Carried out as part of Artful’s first combat capability trials, the firing tested the CCS’s capabilities to interpret sonar readings and launch an attack on a moving target using a practise weapon.
The CCS, which has been developed through the Astute Build Programme and is managed through a £50m contract with BAE, integrates different applications on a single computer environment, which saves space in the submarine’s hull.
Acting as a submarine’s digital brain, the CCS can collect and process data in bulk, even from Sonar 2076, allowing the navy to track the stealthiest enemy vessels and relay the information to the relevant authority, hence paving the way for important command decisions.
The CCS is incorporated with Thales-developed sonar processing features, and has been worked on by hardware provider Dell, Poole-based systems designers Aish Technologies, and cloud computing company VMWare.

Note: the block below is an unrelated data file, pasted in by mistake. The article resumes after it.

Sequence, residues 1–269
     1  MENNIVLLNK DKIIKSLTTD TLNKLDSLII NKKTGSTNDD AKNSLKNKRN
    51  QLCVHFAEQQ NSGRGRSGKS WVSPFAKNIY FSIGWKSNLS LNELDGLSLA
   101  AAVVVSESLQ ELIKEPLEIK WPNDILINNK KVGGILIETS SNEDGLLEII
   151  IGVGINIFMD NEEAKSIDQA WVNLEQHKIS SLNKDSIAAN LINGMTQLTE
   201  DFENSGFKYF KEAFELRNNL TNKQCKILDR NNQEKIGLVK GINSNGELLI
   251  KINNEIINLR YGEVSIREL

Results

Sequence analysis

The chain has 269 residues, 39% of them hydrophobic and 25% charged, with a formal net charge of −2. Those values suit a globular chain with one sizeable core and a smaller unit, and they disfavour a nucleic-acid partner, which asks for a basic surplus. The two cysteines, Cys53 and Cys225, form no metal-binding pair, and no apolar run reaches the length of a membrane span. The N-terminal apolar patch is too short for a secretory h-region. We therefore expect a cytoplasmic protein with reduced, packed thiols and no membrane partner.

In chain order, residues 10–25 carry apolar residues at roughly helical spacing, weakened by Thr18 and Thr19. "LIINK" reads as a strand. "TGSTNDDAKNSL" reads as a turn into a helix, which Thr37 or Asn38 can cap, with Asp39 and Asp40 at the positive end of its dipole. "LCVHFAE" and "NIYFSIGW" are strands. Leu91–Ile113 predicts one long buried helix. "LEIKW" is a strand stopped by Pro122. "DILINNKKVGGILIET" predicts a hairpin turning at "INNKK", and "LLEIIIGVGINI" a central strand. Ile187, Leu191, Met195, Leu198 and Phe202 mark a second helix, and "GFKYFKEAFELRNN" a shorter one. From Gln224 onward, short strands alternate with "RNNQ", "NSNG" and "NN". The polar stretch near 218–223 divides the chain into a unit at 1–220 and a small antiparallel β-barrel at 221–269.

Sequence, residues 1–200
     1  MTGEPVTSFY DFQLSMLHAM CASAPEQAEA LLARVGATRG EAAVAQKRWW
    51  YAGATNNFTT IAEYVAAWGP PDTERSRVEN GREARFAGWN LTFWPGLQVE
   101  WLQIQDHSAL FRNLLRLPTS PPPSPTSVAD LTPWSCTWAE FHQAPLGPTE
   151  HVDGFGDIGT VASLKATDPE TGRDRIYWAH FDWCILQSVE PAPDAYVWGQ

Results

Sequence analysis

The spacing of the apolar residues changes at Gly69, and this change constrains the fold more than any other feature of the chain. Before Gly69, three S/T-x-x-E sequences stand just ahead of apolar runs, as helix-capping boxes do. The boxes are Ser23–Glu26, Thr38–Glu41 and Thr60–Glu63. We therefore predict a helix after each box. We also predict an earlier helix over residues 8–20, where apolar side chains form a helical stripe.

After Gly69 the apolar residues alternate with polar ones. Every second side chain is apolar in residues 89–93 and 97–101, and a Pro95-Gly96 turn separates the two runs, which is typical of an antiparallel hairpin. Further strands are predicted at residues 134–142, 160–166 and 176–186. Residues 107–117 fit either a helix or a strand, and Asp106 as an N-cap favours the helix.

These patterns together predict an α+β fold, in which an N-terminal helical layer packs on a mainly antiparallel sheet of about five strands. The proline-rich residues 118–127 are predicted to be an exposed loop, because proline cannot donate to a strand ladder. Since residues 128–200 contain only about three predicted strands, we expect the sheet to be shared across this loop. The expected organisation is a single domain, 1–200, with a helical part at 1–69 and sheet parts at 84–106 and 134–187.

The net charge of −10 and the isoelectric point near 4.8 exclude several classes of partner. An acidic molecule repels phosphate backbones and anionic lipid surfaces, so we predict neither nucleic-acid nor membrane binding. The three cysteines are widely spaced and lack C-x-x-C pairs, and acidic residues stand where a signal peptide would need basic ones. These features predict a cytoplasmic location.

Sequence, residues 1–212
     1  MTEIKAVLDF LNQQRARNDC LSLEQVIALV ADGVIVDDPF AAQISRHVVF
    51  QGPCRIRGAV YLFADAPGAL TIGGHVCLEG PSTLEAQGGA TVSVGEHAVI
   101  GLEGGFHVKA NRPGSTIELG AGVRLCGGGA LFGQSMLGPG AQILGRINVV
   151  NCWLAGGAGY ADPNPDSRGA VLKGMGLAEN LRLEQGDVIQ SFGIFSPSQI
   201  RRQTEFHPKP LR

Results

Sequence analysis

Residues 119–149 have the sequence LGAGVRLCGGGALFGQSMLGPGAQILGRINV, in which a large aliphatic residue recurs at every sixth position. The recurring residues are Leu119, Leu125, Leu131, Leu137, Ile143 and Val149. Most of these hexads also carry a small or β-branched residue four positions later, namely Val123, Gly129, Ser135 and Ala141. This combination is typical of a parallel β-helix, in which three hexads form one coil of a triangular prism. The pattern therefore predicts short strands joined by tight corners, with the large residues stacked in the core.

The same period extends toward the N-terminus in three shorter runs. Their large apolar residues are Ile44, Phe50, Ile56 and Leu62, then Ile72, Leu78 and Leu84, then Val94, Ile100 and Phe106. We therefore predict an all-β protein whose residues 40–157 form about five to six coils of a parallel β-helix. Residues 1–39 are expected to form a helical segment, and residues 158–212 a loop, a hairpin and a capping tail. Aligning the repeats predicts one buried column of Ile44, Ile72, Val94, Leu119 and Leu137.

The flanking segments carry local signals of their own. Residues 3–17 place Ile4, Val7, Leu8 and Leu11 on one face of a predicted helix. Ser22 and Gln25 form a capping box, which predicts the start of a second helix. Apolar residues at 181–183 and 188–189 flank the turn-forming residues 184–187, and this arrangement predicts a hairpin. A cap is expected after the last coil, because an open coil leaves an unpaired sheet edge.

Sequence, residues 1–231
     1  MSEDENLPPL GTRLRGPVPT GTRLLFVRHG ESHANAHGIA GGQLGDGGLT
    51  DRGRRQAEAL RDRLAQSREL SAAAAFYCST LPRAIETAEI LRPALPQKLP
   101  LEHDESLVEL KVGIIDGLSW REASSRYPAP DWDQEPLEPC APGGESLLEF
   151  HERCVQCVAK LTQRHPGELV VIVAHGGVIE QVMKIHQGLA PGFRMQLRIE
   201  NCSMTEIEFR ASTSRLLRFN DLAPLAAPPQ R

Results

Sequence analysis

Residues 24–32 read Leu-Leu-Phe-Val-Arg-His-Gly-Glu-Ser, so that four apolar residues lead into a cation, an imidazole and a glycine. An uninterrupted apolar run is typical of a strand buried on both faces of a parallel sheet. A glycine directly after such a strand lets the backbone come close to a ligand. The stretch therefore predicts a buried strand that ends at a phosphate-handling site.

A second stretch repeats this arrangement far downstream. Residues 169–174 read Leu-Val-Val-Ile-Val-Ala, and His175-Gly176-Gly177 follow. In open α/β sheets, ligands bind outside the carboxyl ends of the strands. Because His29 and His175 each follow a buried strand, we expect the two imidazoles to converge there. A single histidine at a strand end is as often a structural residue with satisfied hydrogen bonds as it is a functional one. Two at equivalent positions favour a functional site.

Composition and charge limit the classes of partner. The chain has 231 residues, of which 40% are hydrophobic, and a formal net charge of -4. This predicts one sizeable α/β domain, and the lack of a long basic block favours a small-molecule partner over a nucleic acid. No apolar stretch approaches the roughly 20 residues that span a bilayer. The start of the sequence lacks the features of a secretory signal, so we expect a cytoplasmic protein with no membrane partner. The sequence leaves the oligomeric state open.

The next-generation technology will be fitted into all the Astute and Vanguard-class submarines which are currently in service, as well as the future boats.
UK Defence Procurement Minister Philip Dunne said: "This command and control system, designed as part of an innovative partnership between defence and UK industry, will allow British submarines to adapt more quickly to changing mission requirements, making operations even safer and more efficient.
"It is a next-generation system, both highly capable and cost-effective, which can be installed right across the Royal Navy’s submarine fleets, thereby guaranteeing the best capability for the Royal Navy and the best value for money for the taxpayer. It is also yet another example of how our £178bn investment in equipment is giving our armed forces the best possible kit."
HMS Artful, which was officially handed over in December last year, will complete its combat capability trials in July this year.
Following the trials, it will undergo a period of maintenance and training to prepare for operations.
Image: Artful, Astute-class attack submarine. Photo: courtesy of Royal Navy.